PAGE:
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The members of the opposition party in the parliament shout upon the minister if he makes a wrong statement.

According to me: if + simple present clause, + future clause.
So "The members of the opposition party in parliament will shout…"

But the book says the only error is ‘upon’ and should be replaced with ‘at’!

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  • Did you copy the sentence correctly? Please double check and fix any errors that you may have made. Can you also please tell us the title of the book, and post a link (if there's one) IN your question. Please do not use comments to clarify your post. Good luck! – Mari-Lou A May 1 '19 at 5:54
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    I have attached image. Book says jus to replace upon with at – Pradeep May 1 '19 at 6:01
  • The book is correct. Either verb tense is fine. It's the preposition that's wrong. – Jason Bassford May 1 '19 at 9:22
  • @JasonBassford Can you give me more examples of this structure If +present indefinite, + present indefinite – Pradeep May 1 '19 at 9:24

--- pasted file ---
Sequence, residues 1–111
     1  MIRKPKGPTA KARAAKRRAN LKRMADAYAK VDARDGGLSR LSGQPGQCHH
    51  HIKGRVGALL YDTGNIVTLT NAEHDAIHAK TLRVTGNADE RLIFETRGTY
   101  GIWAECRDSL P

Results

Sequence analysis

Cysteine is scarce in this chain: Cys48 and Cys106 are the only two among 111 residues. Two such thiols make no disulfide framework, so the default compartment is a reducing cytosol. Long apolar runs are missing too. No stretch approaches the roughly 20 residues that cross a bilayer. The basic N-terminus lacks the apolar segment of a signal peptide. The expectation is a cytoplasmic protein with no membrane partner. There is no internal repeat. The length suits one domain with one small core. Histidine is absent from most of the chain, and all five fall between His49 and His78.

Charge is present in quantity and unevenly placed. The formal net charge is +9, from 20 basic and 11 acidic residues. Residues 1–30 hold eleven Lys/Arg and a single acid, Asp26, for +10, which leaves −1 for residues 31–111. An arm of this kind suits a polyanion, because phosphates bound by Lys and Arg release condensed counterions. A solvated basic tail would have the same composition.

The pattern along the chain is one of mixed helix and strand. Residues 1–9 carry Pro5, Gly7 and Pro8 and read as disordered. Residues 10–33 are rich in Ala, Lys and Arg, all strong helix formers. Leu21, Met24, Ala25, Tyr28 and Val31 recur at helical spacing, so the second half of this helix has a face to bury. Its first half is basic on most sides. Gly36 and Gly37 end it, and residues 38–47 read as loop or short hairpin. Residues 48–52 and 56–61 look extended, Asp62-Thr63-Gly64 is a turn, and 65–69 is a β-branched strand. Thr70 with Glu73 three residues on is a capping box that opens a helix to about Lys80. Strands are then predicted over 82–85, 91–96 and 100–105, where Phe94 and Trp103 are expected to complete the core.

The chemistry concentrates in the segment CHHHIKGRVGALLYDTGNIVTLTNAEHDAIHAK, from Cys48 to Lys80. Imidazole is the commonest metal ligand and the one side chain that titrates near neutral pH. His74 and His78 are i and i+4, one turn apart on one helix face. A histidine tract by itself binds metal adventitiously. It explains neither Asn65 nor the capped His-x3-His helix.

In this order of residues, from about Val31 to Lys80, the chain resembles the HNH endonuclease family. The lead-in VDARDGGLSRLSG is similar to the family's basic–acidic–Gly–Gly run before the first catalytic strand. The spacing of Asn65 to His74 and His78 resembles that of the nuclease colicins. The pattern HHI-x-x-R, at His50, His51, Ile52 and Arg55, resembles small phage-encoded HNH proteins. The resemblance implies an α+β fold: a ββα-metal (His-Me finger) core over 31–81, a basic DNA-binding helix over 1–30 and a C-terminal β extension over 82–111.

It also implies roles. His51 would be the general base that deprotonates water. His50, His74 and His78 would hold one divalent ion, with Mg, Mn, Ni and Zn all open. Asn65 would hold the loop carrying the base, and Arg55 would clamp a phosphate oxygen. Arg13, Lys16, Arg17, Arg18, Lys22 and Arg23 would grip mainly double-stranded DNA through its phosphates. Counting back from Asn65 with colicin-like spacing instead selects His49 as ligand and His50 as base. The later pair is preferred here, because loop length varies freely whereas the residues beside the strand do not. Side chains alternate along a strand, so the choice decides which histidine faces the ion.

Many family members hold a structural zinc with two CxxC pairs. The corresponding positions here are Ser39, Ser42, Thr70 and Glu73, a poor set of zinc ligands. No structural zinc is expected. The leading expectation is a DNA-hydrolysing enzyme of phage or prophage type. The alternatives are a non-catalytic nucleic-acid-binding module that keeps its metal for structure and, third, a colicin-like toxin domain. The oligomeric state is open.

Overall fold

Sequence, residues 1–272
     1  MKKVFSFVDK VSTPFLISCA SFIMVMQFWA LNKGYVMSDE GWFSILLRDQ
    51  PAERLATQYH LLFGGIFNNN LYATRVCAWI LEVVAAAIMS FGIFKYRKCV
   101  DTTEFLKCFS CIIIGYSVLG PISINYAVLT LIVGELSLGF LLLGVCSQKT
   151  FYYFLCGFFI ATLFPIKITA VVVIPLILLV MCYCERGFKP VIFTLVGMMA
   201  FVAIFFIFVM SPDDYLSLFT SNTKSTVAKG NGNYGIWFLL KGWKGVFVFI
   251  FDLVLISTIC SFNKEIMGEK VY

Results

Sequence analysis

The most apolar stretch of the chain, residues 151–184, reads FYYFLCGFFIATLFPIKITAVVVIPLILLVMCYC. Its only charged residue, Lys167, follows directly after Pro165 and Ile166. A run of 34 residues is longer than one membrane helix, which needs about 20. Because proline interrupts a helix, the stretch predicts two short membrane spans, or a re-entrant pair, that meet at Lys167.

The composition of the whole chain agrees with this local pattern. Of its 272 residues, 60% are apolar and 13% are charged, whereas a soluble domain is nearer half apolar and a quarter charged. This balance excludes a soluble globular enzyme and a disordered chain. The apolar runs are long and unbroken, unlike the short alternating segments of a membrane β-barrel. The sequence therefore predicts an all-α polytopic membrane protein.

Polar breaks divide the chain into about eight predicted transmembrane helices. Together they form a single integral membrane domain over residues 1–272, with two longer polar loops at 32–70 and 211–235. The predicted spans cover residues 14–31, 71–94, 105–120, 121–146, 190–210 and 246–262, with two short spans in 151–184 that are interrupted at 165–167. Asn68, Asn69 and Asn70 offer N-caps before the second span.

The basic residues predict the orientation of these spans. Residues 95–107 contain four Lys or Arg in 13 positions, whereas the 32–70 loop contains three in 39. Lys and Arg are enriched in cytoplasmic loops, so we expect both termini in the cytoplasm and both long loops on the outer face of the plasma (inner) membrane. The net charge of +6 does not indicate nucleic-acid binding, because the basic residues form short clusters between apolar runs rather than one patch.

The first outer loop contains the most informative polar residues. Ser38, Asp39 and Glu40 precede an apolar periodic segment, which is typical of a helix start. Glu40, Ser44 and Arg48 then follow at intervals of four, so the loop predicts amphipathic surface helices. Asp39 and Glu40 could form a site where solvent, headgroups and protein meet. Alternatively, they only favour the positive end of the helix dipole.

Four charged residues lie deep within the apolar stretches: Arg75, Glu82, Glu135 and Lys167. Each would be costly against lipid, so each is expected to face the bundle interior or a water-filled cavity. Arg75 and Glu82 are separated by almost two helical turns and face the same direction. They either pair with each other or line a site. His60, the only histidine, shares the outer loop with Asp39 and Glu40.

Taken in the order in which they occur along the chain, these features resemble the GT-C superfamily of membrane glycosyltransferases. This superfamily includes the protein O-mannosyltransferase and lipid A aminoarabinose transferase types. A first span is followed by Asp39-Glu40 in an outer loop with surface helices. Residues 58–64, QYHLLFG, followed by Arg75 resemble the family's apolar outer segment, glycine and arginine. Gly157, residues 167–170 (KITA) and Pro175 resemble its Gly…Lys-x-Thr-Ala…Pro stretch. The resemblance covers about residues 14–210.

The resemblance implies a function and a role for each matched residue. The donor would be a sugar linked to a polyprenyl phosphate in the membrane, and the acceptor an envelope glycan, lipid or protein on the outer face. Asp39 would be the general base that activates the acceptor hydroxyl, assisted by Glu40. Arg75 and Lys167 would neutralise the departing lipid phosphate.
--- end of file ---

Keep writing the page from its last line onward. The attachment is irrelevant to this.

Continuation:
• It's not really to do with the if. The present tense is used to refer to habitual or recurring actions, as in I take the bus to work or I walk the dog in the mornings. Nothing changes when we put that kind of sentence inside an if clause - so the members... shout means more or less every time he makes a wrong statement, they shout at him, with the idea that this happens quite often. If he was preparing his first speech and was worried about saying something wrong, someone might say if you make a wrong statement, they will shout at you - but it's OK, just keep your cool... – user339660 May 1 '19 at 9:40
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You can say either "shout" or "will shout", both are acceptable.

I think the difference is that "the members of the opposition shout at him if he makes a wrong statement" implies that the minister regularly makes incorrect statements and gets shouted at.

"The members of the opposition will shout at him if he makes a wrong statement" suggests that he hasn't yet made a wrong statement, but the opposition members are prepared to shout at him if he does.

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